One-time secured API requests

Nowadays, the HTTP APIs act as gateways for petabytes of data and some chunk of it might actually require enhanced access rules. For example, you could create a link that allows the user to download the file only once, and within such link you would find a token.
I was in a need of creating such solution for my open source project Warden – a specialized, one-time link that can be used fetch the configuration object from the API.
It turned out to be fairly straightforward to implement the most basic version of such behavior.


Before I put there any code, let me warn you, that for the sake of simplicity there will be no specialized design patterns involved (like repositories, command handlers etc.) and all of the stuff will be held in memory (static List). Additionally, the whole example will be built on top of the latest version of the ASP.NET MVC. Being aware of such a sacrifice, let’s start with some actual coding:

This is quite a sophisticated entity called Item which we would like to fetch via our API controller:

And the “business logic”:

As you can see it’s as simple as possible – I’m not even using interfaces or DTOs not to mention the IoC containers. Alright then, let’s try to secure our API:

So, what’s going on here? At first, we create an enum for the resource types. There’s just Item and you could use something totally different here like a string based on class type name or some more fancy stuff, but that’s not the point of this article. Then, we define the SecuredRequest which takes the resource type and id as parameters and creates a secured token. In case you were wondering what the heck are ReplaceableCharacters – it’s just a set of characters that I’d rather exclude from the token used within a link in order not to mess with HTTP parser. Now we’re ready for the almost final step:

This guy above will be responsible for creating and validating access tokens for the particular resources. In order to make this sample testable, let’s add a simple endpoint for generating the tokens:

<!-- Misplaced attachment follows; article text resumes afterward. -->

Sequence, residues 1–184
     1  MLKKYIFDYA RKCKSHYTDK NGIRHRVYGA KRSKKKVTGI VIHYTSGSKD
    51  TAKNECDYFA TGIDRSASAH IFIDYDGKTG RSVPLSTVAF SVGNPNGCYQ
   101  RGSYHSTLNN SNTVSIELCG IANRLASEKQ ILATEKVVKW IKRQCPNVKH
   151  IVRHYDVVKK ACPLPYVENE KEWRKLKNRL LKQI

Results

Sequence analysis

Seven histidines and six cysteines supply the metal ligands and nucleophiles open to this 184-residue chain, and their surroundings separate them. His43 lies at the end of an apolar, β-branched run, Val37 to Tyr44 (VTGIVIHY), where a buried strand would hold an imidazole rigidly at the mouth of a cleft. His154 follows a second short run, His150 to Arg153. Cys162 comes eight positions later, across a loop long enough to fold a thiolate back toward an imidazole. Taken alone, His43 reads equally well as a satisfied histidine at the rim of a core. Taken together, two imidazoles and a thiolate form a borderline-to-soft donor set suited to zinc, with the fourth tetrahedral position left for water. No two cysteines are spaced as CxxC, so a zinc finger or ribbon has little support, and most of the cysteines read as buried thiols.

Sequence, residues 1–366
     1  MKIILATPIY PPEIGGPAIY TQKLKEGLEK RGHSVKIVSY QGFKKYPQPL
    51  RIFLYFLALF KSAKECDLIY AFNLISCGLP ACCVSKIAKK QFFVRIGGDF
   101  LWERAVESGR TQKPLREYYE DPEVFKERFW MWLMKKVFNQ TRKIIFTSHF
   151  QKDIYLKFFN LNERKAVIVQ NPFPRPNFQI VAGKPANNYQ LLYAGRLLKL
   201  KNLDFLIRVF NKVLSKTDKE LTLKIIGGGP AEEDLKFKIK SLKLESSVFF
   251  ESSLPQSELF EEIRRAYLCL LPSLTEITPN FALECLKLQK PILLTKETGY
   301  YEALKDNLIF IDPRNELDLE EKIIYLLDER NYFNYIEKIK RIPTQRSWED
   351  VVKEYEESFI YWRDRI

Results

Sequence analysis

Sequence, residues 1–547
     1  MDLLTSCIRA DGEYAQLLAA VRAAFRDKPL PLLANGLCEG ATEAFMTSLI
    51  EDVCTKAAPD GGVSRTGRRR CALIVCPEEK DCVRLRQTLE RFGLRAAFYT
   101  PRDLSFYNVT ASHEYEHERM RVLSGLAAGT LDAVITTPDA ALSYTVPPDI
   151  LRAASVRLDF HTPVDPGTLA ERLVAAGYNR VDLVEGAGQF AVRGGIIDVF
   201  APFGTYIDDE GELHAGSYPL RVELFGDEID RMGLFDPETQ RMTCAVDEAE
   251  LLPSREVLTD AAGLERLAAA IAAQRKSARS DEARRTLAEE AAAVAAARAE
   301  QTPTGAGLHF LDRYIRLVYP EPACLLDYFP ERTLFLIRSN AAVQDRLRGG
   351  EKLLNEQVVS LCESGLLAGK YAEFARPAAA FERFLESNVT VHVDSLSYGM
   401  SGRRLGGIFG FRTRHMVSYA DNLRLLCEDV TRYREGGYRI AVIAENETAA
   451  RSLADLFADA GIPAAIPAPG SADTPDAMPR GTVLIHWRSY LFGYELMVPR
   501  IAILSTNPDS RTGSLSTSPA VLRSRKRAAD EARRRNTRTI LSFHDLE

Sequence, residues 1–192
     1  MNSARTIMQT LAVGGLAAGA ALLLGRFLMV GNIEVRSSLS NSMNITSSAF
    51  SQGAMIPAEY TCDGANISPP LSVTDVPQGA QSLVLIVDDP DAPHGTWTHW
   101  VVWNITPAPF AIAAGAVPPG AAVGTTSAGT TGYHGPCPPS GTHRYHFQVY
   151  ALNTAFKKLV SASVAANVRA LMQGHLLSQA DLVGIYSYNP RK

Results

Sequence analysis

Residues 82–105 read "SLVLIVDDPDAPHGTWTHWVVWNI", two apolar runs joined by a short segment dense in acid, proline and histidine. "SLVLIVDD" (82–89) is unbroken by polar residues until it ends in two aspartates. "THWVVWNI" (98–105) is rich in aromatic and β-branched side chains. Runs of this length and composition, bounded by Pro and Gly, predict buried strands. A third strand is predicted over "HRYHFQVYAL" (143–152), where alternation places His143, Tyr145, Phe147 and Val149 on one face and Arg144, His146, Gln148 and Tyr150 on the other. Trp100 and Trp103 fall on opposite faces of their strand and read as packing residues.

And finally, we can secure the access to the items, so that the controller would look like this:

And that’s all – try to run the application now and access the item without token or with the invalid one. Create a new token, fetch the item and try to fetch in one more time – voilĂ , you have just limited your requests to be one-time only. You can download the sample application by clicking here.

Before I finish this post, here are these possible extensions and things to consider:

  • Move the implementation to specialized attributes or so.
  • Store more data like headers (e.g. User-Agent), IP address etc.
  • Allow only authenticated users to access the resource.
  • Include dates to limit the usage of the token within the given period.
  • Restrict the access via IP address or other techniques.

5 Comments One-time secured API requests

  1. Pingback: One-time secured API requests - How to Code .NET

  2. casharpbeginner

    What if someone would like to regenerate the token for specific item? You create new SecuredRequest just by adding a new one to the collection, so can happen that you will have 2 SecureRequests for Item 1 in collection, but while consuming you find them by FirstOrDefault so it will be always comparing to the first SecuredRequest ever created == it won’t work in this scenario. Maybe that was the point no to let people to regenerate the link for a single Item so maybe it would be good not to allow creating multiple SecureRequests for Item 1 in the collection?

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